The number of households where no one works has fallen by more than 750,000 since 2010 and is now at its lowest level in more than 10 years.
According to new independent figures released today (30 March 2016), there are now 764,000 fewer workless households in this country compared to 5 years ago – a fall of 20%.
The figures also show there are 449,000 fewer children living in workless households.
And the number of households where no one has ever worked is down by 36,000 – a fall of 10% since 2010.
Work and Pensions Secretary Stephen Crabb said:
Our economic and welfare reforms are helping to turn around the lives of hundreds of thousands of families up and down the country who were previously overlooked.
Reforms this government has put in place such as Universal Credit, the Claimant Commitment and the benefit cap and are paying off, supporting a record 31 million people in work, with the unemployment rate also at a 10-year low.
There are now nearly half a million fewer children living in households where no one works; where they can see one or both their parents benefitting from the dignity of a job and the security that a pay cheque brings.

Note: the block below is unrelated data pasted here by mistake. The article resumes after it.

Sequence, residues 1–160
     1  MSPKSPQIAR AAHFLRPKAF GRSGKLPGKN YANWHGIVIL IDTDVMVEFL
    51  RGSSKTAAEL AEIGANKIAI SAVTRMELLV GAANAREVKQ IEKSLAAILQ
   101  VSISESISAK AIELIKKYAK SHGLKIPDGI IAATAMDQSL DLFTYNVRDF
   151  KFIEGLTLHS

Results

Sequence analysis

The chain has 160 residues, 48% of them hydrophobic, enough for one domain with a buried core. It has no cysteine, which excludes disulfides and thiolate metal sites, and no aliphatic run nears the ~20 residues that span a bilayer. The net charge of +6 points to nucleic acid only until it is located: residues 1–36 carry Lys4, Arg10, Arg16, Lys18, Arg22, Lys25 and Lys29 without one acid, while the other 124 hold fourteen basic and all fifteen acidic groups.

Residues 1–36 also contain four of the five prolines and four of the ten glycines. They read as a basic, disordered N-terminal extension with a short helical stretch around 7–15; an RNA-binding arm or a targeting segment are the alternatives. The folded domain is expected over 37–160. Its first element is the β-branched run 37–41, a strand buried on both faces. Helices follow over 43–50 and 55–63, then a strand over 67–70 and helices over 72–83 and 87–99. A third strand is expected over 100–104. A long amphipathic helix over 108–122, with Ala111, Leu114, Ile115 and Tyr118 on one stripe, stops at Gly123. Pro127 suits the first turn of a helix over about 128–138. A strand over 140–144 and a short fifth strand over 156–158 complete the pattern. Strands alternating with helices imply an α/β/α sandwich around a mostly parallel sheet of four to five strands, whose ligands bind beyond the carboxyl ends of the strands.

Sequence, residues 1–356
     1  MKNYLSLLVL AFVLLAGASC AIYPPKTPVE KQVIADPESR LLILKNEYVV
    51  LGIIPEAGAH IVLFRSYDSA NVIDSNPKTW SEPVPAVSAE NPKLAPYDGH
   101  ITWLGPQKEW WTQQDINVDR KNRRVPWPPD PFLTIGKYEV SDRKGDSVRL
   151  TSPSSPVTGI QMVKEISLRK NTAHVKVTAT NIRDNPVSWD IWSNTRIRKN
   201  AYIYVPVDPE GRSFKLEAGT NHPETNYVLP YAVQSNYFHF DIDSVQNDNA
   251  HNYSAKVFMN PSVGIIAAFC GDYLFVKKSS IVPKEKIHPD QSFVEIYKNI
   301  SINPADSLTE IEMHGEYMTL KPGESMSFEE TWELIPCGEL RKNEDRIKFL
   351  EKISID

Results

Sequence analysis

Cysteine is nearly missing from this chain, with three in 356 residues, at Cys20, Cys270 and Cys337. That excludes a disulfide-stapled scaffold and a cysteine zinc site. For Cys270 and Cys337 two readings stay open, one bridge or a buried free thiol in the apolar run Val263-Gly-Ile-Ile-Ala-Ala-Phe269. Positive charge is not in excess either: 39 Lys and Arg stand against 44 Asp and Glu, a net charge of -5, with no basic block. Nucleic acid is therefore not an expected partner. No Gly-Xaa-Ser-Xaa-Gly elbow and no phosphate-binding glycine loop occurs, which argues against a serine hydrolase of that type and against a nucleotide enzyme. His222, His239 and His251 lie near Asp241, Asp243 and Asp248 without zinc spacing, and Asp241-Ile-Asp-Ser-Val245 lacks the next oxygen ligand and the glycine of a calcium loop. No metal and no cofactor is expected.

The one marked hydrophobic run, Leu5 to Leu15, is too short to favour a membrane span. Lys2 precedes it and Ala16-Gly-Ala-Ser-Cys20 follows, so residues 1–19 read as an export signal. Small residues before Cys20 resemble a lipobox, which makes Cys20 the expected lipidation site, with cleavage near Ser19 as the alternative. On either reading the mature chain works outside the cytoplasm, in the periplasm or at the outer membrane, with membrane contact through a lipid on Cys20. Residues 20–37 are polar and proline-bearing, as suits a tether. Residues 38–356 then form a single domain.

Employment figures published earlier this month showed that there are 2.37 million more people in work now compared with 2010 – an average increase of more than 1,000 people in work every single day.
The number of people claiming unemployment related benefits has also fallen to its lowest level since 1975, and there are now around 770,000 vacancies available in the economy at any one time.
The government’s welfare reforms are returning fairness to the benefit system and encouraging people who are able to work to do just that. They include:
- the benefit cap, which ensures that families don’t receive more in benefits than the average family earns
- Universal Credit, the biggest change to the welfare system in a generation
- the Claimant Commitment, which spells out what we expect from jobseekers when they search for work
- the New Enterprise Allowance scheme, which helps people on benefits to become their own boss
- the Work Programme, which has so far helped more than 503,000 people escape long-term unemployment
Read the working and workless household figures from the Office for National Statistics.
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